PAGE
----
IDG News Service - North Korea, one of the world's few remaining information black holes, has taken the first step toward a fully fledged connection to the Internet. But a connection, if it comes, is unlikely to mean freedom of information for North Korea's citizens.
In the past few months, a block of 1,024 Internet addresses, reserved for many years for North Korea but never touched, has been registered to a company with links to the government in Pyongyang.
The numeric IP addresses lie at the heart of communication on the Internet. Every computer connected to the network needs its own address so that data can be sent and received by the correct servers and computers. Without them, communication would fall apart.
It is unclear how the country's secretive leadership plans to make use of the addresses. It seems likely they will be assigned for military or government use, but experts say it is impossible to know for sure.
North Korea's move toward the Internet comes as it finds itself increasingly isolated on the world stage. The recent sinking of a South Korean warship has been blamed on the insular country. As a result, there are calls for tougher sanctions that would isolate North Korea further.
"There is no place for the Internet in contemporary DPRK," said Leonid A. Petrov, a lecturer in Korean studies at The University of Sydney, referring to the Democratic People's Republic of Korea. "If the people of North Korea were to have open access to the World Wide Web, they would start learning the truth that has been concealed from them for the last six decades."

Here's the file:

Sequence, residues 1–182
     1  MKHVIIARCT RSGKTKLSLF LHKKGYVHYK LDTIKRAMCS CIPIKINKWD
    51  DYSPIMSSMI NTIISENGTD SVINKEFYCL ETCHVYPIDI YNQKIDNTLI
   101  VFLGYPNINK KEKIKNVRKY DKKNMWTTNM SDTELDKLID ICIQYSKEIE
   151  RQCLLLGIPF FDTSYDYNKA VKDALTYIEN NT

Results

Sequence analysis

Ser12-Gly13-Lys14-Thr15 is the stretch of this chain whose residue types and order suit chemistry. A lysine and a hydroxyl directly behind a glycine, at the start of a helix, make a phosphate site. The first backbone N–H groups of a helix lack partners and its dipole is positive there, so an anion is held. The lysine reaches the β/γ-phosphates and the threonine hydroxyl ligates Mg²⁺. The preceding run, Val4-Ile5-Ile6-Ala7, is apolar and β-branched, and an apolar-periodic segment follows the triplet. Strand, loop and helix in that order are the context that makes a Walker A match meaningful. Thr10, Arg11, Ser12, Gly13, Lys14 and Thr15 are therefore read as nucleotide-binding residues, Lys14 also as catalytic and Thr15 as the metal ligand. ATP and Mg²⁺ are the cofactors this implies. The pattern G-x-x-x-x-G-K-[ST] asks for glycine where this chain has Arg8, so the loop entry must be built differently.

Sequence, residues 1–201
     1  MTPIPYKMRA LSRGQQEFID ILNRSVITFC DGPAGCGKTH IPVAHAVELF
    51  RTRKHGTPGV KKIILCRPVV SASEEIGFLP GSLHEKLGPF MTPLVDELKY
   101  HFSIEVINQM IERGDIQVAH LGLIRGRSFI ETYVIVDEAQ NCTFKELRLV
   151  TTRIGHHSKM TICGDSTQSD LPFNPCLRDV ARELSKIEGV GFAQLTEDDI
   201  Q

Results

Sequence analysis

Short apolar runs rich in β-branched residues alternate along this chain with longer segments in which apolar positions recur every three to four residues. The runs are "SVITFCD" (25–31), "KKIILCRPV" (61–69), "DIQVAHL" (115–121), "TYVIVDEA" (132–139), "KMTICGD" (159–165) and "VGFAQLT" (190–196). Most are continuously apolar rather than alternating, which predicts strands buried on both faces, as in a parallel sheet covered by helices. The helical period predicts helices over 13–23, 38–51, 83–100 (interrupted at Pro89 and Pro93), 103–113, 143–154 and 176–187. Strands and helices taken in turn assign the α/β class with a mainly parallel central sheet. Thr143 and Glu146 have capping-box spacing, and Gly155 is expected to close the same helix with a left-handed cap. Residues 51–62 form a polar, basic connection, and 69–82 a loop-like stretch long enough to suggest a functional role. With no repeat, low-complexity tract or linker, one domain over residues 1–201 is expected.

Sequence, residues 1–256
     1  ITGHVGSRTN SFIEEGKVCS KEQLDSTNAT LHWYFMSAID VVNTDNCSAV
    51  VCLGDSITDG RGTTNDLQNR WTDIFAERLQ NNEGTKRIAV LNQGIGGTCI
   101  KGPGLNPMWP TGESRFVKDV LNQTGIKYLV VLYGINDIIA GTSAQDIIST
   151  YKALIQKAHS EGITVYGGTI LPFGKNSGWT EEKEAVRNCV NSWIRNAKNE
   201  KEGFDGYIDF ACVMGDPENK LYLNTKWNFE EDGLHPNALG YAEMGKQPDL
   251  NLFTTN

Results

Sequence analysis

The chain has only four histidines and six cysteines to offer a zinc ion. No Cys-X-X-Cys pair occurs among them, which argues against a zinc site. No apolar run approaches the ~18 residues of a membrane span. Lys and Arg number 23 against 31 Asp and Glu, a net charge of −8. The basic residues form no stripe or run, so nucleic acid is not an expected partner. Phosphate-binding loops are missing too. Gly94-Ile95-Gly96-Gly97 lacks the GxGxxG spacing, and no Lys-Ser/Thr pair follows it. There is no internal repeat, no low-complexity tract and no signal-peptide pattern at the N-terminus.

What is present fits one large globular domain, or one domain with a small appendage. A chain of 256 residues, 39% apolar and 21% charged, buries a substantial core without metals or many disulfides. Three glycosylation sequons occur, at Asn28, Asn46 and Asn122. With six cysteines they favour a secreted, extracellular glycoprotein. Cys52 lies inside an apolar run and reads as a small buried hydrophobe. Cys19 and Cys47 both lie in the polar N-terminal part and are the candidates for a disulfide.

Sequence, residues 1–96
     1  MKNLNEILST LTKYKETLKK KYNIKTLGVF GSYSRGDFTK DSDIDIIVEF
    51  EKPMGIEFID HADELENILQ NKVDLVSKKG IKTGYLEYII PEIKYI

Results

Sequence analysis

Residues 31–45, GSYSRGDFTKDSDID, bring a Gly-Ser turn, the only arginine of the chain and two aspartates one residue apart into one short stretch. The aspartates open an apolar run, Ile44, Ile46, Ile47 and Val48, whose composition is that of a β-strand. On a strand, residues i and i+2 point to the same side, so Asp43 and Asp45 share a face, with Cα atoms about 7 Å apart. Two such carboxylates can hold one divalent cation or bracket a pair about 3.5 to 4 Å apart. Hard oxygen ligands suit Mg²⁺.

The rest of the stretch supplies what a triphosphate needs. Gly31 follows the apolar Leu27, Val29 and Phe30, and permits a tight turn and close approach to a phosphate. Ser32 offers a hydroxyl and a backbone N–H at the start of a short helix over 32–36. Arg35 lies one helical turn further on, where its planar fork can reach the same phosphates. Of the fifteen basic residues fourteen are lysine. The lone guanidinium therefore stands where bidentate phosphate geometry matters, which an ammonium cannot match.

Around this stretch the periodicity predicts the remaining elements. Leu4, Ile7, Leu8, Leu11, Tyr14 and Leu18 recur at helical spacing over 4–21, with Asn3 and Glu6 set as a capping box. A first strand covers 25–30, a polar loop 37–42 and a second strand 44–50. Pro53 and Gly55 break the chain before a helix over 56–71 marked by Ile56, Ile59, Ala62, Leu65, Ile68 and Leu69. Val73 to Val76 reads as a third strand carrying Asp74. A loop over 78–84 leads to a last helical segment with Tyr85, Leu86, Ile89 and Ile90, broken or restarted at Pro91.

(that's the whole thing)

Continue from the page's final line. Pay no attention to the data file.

"Unless Kim Jong-Il or his successors feel suicidal, the Internet, like any other free media, will never be allowed in North Korea," he said.
The North Korean addresses were recently put under the control of Star Joint Venture, a Pyongyang-based company that is partly controlled by Thailand's Loxley Pacific. The Thai company has experience working with North Korea on high-tech projects, having built North Korea's first cellular telephone network, Sunnet, in 2002.
Loxley acknowledged that it is working on a project with Pyongyang, but Sahayod Chiradejsakulwong, a manager at the company, wouldn't elaborate on plans for the addresses.
"This is a part of our business that we do no want to provide information about at the moment," he said.
A connection to the Internet would represent a significant upgrade of the North's place in cyberspace, but it's starting from a very low base.
At present the country relies on servers in other countries to disseminate information. The Web site of the Korea Central News Agency, the North's official mouthpiece, runs on a server in Japan, while Uriminzokkiri, the closest thing the country has to an official Web site, runs from a server in China.
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